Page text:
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The nation will celebrate NAIDOC week from 7 to 14 July while Queensland students enjoy school holidays, and for the significant number of Aboriginal and Torres Strait Islander students at St Brendan’s College it is a welcome time to travel home to spend time with family – from Woorabinda in Central Queensland to Lockhart River, Aurukun or Kowanyama at the northern tip of Queensland or Thursday, Badu or Saibai Islands in the Torres Strait.
NAIDOC Week is well recognised for celebrating the history, culture and achievements of Aboriginal and Torres Strait Islander peoples and giving all Australians the opportunity to learn more about Aboriginal and Torres Strait Islander communities and in 2019 its theme is Voice, Treaty, Truth.
At St Brendan’s College, the Indigenous Program has been established for many years, offering students the opportunity to reach their potential, while celebrating and building upon their cultural awareness and understanding; and through this program offering non-indigenous students the opportunity for greater understanding and relationships with those beside them in the classroom, or in the boarding dorms.
While many of the students may celebrate NAIDOC week at home, the College will mark the occasion with the annual NAIDOC Mass at the Rockhampton Cathedral on Tuesday 16 July at 11.00am, when the students return to school for Term 3.
In addition to a team of Indigenous support staff led by Director of Indigenous Education, Mr Peter Bartlett, to support the students personally, academically and culturally, Indigenous students are encouraged to be involved with the various Indigenous Dance Troupes at the College to continue to celebrate their culture while at SBC and to build understanding and appreciation of their stories and dance within the Central Queensland community.
For Year 8 student, Petheru Toby from Badu Island in the Torres Strait, he enjoys his time at SBC, participating in the Torres Strait Dance Troupe, hanging out in boarding, playing rugby league for St Brendan’s College and local club Capricorn Coast Brothers, and undertaking his two favourite subjects, metal work and art at school.
Sent to St Brendan’s ‘to get a good education’ by his parents, he is fortunate to board at the College with his brother Maugu, cousin Anasta and many friends from home.
But he was particularly excited to be travelling home for the June-July holidays to enjoy time out on the crystal-clear waters of the Torres Strait every day; turtle and dugong hunting and crayfish and sting ray hunting with family and friends.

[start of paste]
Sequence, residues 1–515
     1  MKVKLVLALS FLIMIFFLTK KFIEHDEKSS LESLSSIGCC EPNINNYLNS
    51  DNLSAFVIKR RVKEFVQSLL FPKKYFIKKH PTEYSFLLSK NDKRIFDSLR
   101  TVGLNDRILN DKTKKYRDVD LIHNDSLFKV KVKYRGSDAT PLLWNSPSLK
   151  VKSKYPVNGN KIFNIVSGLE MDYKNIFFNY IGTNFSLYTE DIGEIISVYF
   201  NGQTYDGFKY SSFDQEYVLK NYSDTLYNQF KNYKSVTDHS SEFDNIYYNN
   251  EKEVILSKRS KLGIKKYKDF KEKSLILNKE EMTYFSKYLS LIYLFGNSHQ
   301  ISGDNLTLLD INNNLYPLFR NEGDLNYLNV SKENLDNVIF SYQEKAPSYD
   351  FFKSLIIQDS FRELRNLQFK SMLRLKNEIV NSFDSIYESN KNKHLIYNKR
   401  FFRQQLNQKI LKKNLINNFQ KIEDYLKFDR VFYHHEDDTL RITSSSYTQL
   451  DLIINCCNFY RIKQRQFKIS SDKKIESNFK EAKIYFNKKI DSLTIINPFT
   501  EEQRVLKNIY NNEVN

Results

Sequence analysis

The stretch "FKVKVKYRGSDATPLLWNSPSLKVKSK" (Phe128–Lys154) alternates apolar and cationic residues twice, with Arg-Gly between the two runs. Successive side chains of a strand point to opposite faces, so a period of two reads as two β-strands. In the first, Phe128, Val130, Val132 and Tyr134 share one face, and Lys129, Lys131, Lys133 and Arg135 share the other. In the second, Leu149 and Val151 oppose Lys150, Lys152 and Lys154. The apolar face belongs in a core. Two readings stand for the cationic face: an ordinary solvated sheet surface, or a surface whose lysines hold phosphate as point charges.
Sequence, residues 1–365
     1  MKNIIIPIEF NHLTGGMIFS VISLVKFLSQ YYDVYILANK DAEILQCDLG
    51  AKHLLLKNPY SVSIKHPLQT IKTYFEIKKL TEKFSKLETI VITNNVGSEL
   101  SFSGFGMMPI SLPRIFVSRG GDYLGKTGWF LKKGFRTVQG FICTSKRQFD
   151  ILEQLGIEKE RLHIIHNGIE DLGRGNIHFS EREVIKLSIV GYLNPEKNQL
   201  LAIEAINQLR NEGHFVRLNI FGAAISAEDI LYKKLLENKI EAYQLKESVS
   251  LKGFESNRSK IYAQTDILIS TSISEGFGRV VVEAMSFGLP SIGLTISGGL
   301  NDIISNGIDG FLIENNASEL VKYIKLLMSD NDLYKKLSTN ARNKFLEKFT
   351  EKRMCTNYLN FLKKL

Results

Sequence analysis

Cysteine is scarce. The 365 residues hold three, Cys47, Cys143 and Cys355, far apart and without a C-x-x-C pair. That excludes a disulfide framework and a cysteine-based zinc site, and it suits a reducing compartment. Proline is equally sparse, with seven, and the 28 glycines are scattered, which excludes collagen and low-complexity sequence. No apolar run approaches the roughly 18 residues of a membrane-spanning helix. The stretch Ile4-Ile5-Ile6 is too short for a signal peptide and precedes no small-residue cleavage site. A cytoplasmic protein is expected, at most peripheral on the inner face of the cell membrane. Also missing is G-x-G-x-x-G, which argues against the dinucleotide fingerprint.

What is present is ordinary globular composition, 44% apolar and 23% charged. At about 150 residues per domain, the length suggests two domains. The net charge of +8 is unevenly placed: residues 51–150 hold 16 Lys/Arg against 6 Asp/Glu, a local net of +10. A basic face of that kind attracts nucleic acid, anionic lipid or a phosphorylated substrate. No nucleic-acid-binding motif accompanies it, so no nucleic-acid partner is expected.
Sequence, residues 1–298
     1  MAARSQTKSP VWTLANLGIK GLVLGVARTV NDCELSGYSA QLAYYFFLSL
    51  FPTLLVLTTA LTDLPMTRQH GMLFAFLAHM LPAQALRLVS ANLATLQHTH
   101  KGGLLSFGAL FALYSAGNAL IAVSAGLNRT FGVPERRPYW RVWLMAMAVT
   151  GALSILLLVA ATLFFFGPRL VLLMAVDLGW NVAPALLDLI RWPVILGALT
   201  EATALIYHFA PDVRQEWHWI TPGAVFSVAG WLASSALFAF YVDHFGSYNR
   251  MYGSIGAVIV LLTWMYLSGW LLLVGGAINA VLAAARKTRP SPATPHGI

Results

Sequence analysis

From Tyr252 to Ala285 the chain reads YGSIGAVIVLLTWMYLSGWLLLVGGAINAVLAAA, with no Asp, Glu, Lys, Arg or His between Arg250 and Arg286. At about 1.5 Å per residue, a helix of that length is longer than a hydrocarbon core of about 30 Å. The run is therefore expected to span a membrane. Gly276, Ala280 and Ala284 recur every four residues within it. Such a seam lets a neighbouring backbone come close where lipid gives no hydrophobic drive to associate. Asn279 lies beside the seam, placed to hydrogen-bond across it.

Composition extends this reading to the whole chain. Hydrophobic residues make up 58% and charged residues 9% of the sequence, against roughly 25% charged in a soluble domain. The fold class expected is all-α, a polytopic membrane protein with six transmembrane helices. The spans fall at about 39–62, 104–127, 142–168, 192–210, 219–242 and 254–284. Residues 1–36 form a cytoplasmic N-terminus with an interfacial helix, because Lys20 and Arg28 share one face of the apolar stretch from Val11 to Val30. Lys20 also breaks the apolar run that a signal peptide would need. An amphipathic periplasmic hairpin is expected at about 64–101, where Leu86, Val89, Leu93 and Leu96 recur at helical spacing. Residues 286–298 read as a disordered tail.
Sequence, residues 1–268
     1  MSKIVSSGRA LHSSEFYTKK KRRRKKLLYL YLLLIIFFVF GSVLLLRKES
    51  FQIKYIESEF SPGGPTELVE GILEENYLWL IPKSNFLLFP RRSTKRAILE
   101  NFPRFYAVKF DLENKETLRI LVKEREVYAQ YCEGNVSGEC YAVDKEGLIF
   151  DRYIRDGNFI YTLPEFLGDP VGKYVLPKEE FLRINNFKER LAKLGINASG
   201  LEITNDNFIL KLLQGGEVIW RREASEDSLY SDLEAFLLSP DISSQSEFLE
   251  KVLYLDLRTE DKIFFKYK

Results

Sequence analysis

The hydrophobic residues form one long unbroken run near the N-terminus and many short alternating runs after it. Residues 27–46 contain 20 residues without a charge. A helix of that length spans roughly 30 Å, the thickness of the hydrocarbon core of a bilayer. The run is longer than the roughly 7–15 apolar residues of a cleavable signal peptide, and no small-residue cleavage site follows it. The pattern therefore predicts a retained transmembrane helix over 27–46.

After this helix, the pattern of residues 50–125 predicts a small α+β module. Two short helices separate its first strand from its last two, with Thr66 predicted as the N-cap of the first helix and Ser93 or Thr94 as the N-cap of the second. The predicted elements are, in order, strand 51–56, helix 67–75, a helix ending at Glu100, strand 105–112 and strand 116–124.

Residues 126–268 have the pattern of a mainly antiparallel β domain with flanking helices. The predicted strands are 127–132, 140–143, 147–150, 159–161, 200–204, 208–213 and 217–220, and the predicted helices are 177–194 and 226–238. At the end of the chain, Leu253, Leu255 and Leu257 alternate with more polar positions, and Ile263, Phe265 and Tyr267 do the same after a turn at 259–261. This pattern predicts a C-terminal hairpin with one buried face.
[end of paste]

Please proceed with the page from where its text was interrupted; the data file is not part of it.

Asked what he misses most when boarding at SBC, family and the ‘nice, clear waters of home’ were the two key things.
One would think that SBC’s new boarding recreation program, which includes regular Causeway Lake fishing excursions, would be a welcome activity from home, but according to Petheru the fishing in Central Queensland just can’t match that of the Torres Strait.
“It takes too long for the fish to bite; it probably takes about one minute for the fish to bite at home!” he said.
Underpinned by the mission of Edmund Rice education, Mr Bartlett said the staff work together to support Indigenous and Torres Strait Island students to find a home away from home in an environment of inclusivity, mutual respect and high expectation.
“It is not easy for many of these students to be so far away from home each term, but we work hard to support them to give them every opportunity to learn, grow and challenge themselves,” Mr Bartlett said.
“Over the years we have had many students who have gone onto university, trades and jobs throughout Australia, and also those who have returned home to be valuable members of their communities,” he said.
“Whatever their journey may be, we work hard to uphold the dignity of each and every individual and enable them to navigate their own path to success at the College and beyond.”
“And for our Indigenous and non-Indigenous students, we work to ensure they leave our College being active participants of reconciliation in our community; having lived and studied side by side with mutual respect.”
For Petheru, he enjoys his time in class, in the dorm and on the footy field and sees his relationships quite simply with his Indigenous and non-Indigenous classmates.
“When you come here you have got lots of people to hang around with, everyone gets on and everyone is good,” he said.